I remember writing book reports growing up and I always thought that it was a peculiar practice. What value was there in regurgitating what the author said? Now a little bit wiser I can assure there is some value to this practice, as it ensures (or not) that you understand the author’s purpose for writing the book and the thesis therein. It also gives the one writing the review an opportunity to affirm or critique the author.
This is my first book review here on TalkingWorship.com and it will come from arguably the most influential book on my worship ministry. Influential in that it was the first book I read that truly explored what worship is and how it is enacted and in that it has provided avenues to other authors and books to read in my pursuit of worship and liturgical studies.
Here is Baker Publishing Group’s summary of the book:
“God has a story. Worship does God’s story.Read More »
All sorts of websites, blogs, and resource pages have “Stage Presence for Worship Leader” articles and quite frankly they are just not helpful. Well, not for me anyway. “Know where the Spirit is taking you”, “Pray beforehand”, and “Read your congregation” have no practical ramifications. This article is going to actually offer practical ways to improve your worship leading stage presence.
Now, to stay consistent with my attempt at reconciling theology and praxis, let us look at a couple of theological ideas that shed insight onto what it means to have good stage presence as a worship leader.
The idea that worship leaders usher the congregation into the presence of the Lord is an incredibly misleading theology that needs to be reconsidered. God calls His Church to the assembly and He is our host. Therefore, in our response to assemble we enter into the presence of God. For worship leaders this ought to be liberating! You are not responsible for bringing the congregation into the presence of the Lord. By the faithful’s decision to assemble they have already entered the presence of God.Read More »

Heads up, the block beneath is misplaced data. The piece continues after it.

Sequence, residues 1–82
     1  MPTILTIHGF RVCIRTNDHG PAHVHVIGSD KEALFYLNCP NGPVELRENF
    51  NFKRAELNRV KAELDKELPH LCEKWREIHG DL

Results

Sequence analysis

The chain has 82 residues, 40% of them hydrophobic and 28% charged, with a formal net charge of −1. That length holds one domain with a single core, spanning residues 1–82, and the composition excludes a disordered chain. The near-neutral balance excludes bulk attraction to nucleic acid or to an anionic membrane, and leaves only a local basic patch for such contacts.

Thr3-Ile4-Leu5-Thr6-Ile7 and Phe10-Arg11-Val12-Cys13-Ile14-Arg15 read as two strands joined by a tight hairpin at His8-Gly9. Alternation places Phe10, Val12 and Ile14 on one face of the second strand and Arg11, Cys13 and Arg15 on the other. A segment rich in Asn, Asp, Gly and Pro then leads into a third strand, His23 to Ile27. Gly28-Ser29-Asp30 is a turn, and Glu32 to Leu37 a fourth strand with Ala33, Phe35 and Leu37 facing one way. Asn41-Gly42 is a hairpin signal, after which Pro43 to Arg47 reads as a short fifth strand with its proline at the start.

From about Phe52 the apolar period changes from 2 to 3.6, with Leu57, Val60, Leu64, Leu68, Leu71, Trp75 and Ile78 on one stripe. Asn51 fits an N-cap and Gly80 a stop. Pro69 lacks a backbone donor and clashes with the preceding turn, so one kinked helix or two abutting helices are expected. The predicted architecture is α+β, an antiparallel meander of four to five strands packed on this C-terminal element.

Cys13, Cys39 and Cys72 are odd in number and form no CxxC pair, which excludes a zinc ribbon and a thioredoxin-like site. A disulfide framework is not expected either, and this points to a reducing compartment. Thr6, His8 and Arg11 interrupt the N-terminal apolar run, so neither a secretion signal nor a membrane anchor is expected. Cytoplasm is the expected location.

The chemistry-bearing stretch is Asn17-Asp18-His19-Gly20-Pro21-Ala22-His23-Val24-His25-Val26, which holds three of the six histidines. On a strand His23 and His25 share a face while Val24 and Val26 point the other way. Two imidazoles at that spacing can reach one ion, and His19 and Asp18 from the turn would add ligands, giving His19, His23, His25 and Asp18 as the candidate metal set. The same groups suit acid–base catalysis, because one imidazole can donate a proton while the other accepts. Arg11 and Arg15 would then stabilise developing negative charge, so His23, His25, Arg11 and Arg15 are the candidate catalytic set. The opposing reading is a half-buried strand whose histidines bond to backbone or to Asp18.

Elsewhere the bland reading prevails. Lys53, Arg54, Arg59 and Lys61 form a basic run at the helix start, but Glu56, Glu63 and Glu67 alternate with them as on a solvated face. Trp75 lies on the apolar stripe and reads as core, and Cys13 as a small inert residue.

The purpose of this website is primarily for myself. It is an outlet where I can translate the thoughts and ideas in my head to writing. This will be achieved in several ways: writing my own original articles, writing book reviews (coming soon), and writing article reviews. I read published academic material so the articles will frequently appear from peer-reviewed journals. It is important to interact with other authors of the same academic field so that is what I intend to do here today.
Michael A. Farley is an adjunct professor of theological studies at St. Louis University. His article “What Is Biblical Worship? Biblical Hermeneutics and Evangelical Theologies of Worship” appeared in the September 2008 issue of the Journal of the Evangelical Theological Society. This article brings up an important topic that evangelical worship leaders must study and be able to articulate their own theology and philosophy. How do we discern what is biblical worship and therefore our theology of worship?Read More »
BREAKING NEWS: THIS JUST IN – It turns out you do not need a Doctor of Philosophy in Theology to be a theologian!
Yes, I said it. You do not need to have fancy advanced theological degrees to be a theologian.
Now before all my academic friends start blasting me out of the water for this statement, let me say this: I personally desire to obtain a Master of Divinity and Doctor of Philosophy in Theology. Academia is a passion for me and I desire to join the conversations of some of my favorite theologians. Education is a joy for me!Read More »
Evangelical Christian conversations have a topical turnaround that competes with pop radio. One week viral articles are about topic A and the next week they are about topic Z. Conversations are discussed and then dropped as if they never happened at all.
One such conversation that I imagine will be out of the mainstream dialogue shortly is that of evangelical liturgicalism. Robert Webber’s Ancient-Future work (Baker Publishing) has breach
ed the spotlight and Melanie Ross has written a book about this supposed contradiction in Evangelical versus Liturgical?: Defying a Dichotomy (2014).
Some churches have simply passed over this dialogue believing that there is no place for such practices (the reasons for this can be numerous: Roman Catholics do that, liturgy is dry and boring, etc.), some have applied certain practices to be “hip”, and others have developed a genuine interest in a liturgical approach to worship.Read More »